It hasn’t a great month for the Big Pharmas when it comes to battling the on-slaught of generics. Despite being the time for Valentines and amore, Pfizer is feeling blue since the Technical Board of Appeal revoked Pfizer’s “Viagra-Patent” EP-0 702 555 by dismissing the appeal against an earlier lost.
The viagra patent related to the use of PDE5(phosphodiesterase 5)-inhibitors for the treatment of impotence. Such PDE5-inhibitors include, e.g., the substance sildenafil which in the form of its citrate salt is the active ingredient of the well-known impotence agent Viagra(TM). The EP-0 702 555 patent was not limited to the use of Sildenafil and structurally related compounds, but tried to cover the use of all PDE5-inhibitors. In an opposition proceeding, the EP revoked the patent and Pfizer appealed the decision of the Opposition Division. Now, Pfizer’s appeal has been dismissed dismissed with the revocation of the patent was confirmed by the Technical Board of Appeal of the EPO and the decision is final. But, the lovelorne are not free to start popping generic Viagra just yet since the active ingredient, Sildenafil, is still covered by a patent of Pfizer.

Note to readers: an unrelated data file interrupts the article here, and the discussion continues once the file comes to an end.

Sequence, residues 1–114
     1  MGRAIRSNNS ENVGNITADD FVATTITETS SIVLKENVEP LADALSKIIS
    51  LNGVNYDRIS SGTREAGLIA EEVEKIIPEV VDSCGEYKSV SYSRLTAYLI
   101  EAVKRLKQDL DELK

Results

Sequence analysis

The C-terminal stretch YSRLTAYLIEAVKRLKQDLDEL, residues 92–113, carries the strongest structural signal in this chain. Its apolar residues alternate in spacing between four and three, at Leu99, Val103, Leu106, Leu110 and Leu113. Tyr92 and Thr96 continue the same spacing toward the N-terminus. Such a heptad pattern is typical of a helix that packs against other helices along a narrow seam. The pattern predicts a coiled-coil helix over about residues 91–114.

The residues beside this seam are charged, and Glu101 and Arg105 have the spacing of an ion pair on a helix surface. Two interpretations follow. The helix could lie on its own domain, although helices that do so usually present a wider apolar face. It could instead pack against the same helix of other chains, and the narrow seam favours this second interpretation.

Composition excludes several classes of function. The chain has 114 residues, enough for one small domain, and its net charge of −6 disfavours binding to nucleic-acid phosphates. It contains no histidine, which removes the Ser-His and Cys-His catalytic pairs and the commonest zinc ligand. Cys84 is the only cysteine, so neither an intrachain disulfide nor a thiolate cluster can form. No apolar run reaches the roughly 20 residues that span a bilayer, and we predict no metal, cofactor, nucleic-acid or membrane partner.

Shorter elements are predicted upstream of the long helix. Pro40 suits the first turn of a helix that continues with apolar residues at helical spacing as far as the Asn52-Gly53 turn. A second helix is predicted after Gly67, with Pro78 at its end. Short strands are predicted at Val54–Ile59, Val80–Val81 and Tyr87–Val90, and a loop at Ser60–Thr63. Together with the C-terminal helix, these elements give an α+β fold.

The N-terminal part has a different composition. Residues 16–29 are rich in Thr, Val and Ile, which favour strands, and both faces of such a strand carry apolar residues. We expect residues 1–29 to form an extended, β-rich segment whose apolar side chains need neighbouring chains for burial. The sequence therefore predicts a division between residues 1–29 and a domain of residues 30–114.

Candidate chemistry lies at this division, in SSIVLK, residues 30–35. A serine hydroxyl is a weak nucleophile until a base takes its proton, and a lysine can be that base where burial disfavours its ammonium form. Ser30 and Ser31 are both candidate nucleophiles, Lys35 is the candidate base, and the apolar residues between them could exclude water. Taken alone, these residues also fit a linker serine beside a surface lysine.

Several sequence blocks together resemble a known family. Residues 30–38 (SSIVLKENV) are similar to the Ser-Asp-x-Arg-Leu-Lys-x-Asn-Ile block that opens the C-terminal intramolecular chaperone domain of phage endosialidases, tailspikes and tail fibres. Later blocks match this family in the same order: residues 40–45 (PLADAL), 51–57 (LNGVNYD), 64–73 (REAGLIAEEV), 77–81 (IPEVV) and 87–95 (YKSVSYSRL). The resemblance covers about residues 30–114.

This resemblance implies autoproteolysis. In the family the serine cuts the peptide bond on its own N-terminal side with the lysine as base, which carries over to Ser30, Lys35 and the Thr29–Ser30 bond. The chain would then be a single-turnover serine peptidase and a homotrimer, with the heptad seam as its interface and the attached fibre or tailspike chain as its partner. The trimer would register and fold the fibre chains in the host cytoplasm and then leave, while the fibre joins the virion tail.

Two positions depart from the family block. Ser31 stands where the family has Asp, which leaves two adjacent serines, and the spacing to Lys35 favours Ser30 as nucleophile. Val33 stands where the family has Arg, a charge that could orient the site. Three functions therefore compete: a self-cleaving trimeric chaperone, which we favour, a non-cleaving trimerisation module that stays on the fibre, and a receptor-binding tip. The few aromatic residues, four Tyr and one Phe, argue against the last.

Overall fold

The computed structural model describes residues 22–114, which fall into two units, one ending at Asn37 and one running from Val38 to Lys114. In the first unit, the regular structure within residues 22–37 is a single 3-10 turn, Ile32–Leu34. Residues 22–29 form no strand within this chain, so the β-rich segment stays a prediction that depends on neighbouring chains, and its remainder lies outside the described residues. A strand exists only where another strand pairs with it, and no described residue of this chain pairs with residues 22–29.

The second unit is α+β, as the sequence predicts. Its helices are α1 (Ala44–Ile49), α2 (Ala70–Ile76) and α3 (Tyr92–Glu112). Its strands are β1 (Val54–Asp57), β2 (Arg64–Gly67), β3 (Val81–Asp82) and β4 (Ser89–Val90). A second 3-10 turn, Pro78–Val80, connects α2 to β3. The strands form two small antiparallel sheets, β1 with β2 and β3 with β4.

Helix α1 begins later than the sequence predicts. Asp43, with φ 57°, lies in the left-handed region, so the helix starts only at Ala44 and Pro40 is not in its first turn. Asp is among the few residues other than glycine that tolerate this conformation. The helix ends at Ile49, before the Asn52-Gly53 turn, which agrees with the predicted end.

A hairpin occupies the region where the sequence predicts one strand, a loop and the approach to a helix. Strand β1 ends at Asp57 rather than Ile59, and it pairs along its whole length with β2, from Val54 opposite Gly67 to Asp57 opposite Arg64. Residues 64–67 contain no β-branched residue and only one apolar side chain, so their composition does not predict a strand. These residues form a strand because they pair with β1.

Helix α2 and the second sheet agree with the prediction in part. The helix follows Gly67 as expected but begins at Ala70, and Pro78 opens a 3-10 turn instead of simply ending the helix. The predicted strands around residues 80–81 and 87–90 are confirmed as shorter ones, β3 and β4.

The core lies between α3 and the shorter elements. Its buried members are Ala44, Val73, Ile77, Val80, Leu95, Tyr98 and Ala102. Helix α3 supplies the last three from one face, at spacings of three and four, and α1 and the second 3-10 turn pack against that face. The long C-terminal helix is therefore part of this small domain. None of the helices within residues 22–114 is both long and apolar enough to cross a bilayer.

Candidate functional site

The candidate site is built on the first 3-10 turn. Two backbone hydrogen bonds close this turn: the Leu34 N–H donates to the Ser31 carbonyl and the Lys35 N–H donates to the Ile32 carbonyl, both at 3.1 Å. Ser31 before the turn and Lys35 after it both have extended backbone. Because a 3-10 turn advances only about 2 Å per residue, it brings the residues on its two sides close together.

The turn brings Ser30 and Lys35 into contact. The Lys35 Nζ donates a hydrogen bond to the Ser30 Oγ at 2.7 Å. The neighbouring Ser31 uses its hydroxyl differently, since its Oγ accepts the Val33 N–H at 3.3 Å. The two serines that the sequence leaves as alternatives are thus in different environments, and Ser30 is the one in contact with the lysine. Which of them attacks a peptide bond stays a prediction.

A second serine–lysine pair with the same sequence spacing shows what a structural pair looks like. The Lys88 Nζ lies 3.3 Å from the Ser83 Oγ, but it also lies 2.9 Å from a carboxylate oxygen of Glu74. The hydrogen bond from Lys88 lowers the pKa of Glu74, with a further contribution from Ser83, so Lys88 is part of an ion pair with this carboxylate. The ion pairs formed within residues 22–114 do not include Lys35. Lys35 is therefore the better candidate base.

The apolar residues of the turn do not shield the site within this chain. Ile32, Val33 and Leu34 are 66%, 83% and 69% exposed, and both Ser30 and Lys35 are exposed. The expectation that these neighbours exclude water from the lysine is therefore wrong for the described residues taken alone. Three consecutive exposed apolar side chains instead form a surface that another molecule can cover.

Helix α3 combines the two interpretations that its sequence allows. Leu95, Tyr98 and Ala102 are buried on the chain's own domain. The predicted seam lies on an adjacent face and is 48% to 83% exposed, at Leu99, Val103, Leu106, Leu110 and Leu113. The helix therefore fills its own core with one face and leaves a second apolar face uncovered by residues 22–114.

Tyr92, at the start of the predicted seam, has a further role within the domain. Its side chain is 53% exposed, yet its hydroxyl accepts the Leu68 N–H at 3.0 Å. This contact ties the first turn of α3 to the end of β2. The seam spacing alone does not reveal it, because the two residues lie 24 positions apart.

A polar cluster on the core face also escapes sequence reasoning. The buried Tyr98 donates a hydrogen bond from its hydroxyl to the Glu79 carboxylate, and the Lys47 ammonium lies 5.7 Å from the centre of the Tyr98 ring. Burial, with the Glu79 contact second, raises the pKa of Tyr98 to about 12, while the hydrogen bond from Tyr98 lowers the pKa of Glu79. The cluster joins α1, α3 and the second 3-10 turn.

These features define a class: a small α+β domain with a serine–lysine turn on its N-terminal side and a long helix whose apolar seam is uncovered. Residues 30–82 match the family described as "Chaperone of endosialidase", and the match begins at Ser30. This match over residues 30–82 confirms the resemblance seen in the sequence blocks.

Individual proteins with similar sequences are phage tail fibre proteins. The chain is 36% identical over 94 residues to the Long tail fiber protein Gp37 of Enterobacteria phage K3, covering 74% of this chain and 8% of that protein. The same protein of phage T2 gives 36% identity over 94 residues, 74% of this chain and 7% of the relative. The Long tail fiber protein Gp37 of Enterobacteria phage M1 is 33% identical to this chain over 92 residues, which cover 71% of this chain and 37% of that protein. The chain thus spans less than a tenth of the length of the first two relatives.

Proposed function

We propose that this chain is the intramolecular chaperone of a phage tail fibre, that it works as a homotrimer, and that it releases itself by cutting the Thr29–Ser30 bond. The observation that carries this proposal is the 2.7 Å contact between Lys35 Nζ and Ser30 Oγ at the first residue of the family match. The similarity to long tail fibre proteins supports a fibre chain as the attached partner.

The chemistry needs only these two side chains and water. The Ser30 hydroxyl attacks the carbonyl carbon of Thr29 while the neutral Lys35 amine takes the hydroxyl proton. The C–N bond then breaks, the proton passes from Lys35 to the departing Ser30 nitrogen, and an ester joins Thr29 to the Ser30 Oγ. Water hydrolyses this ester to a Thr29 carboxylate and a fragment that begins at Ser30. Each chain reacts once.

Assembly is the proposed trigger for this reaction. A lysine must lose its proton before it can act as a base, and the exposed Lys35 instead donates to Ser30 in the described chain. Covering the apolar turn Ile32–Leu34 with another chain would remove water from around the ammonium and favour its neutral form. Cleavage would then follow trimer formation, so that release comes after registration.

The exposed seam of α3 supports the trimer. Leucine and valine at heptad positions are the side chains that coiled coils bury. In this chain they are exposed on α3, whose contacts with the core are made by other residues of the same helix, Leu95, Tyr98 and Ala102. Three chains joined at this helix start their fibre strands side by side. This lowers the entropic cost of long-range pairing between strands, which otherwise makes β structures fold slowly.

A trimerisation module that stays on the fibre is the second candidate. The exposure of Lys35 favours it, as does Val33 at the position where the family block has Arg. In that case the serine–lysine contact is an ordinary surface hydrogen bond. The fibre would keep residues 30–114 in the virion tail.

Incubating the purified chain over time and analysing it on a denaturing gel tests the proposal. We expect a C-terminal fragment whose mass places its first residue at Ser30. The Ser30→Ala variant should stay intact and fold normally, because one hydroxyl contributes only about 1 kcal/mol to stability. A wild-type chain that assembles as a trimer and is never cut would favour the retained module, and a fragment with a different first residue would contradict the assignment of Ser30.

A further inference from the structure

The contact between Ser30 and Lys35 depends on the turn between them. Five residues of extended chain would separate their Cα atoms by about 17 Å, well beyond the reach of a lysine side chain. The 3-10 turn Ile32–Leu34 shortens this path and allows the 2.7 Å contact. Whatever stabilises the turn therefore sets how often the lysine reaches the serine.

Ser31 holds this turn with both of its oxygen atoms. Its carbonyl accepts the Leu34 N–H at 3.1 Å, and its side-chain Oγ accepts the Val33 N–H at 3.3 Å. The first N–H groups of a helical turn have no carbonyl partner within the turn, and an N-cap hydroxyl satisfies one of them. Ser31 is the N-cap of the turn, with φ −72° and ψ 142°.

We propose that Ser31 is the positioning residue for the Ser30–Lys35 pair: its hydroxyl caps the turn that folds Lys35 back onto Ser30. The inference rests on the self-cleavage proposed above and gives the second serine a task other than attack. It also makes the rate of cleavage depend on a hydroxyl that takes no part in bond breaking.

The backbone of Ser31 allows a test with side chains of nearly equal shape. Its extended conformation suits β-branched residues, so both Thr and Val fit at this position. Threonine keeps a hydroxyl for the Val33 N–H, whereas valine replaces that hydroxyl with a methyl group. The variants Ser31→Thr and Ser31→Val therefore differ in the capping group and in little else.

Also, Barr Pharmaceuticals Inc. got a federal court ruling in its favor in a lawsuit involving antidiuretic patents held by Ferring BV and Aventis Pharmaceuticals Inc. The District Court of Southern New York found that the patents for DDAVP tablets in doses of 0.1 milligrams and 0.2 milligrams are unenforceable and not infringed by a product made by the company’s Barr Laboratories Inc. unit. DDAVP tablets had annual sales of $177 million last year.
Finally, as reported at Law.com, a federal judge has allowed a second antitrust suit against GlaxoSmithKline (GSK) relating to it’s alleged use of “sham” patent litigation to block generic versions of its anti-inflammatory drug, Relafen, from reaching the market. GSK filed patent infringement suits against two generic manufacturers in 1997 triggering an automatic 30-month stay of the FDA’s authority to grant approval of the generics. But a U.S. District Court ruled that GSK had procured the patent through fraudulent misrepresentations to the USPTO.
Teva Pharmaceuticals USA and Eon Labs Manufacturing Inc. filed antitrust suits alleging that GSK’s patent suits were “sham” litigation filed for the improper purpose of preserving its monopoly. In February 2004, GSK agreed to pay $175 million to settle the Massachusetts suits. Now, an Italian company, Chemi SpA, has filed suit.
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